Searching over 5,500,000 cases.

Buy This Entire Record For $7.95

Download the entire decision to receive the complete text, official citation,
docket number, dissents and concurrences, and footnotes for this case.

Learn more about what you receive with purchase of this case.

Watton v. County of Rockland

United States District Court, S.D. New York

July 27, 2018

MINDY WATTON, Plaintiff,


          Vincent L. Briccetti United States District Judge

         Plaintiff Mindy Watton brings this action against defendant the County of Rockland, alleging gender discrimination and retaliation in violation of Title VII of the Civil Rights Act of 1964 (“Title VII”) and the New York State Human Rights Law (“NYSHRL”). Plaintiff also brings a Fourteenth Amendment equal protection claim under 42 U.S.C. § 1983.

         Now pending before the Court is the County's motion for summary judgment. (Doc. #42).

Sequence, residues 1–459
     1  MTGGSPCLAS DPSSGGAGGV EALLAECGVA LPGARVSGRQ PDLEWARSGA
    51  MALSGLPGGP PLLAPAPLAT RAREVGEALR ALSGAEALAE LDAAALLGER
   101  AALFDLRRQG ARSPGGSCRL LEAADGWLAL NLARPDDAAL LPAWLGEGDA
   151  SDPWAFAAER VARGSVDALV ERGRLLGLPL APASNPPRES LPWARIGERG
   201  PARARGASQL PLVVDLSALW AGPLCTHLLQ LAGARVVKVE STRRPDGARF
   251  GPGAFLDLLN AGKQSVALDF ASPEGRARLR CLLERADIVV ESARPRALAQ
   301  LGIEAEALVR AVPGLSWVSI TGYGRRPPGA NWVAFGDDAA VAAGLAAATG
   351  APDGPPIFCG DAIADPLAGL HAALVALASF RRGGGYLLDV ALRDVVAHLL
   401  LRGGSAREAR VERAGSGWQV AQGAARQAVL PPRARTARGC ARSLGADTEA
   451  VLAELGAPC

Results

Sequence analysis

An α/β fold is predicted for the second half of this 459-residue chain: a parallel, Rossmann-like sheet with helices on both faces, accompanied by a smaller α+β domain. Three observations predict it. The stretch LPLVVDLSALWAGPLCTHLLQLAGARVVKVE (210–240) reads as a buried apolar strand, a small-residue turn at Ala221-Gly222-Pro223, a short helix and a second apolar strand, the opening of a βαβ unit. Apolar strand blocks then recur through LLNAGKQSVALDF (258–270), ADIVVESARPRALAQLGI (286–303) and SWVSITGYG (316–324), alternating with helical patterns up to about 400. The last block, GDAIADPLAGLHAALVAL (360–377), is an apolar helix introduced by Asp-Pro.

For the following reasons, the motion is GRANTED.

         The Court has subject matter jurisdiction under 28 U.S.C. §§ 1331 and 1367.


         The parties have submitted briefs, declarations with exhibits, and statements of material fact pursuant to Local Civil Rule 56.1, which reflect the following factual background.

         A. County Clerk's Office

         Plaintiff worked in the County Clerk's Office from February 1994 through approximately November 2011. On July 19, 2011, the County issued plaintiff a disciplinary charge of Gross Misconduct for “dereliction of duty and insubordination.” (Weissman Decl. Ex. P at ¶ 31[1]). The County suspended plaintiff, effective the following day. Plaintiff and the County entered into a stipulation in which plaintiff consented to a temporary assignment in the County Department of Social Services (“DSS”), with the intention of establishing her as a permanent employee there pursuant to a future legislative resolution. Pursuant to the stipulation, plaintiff did not admit or deny the validity of the disciplinary charges, and the County agreed to withdraw the charges with prejudice. The County also put plaintiff on probation for one year.

         B. CAMS Unit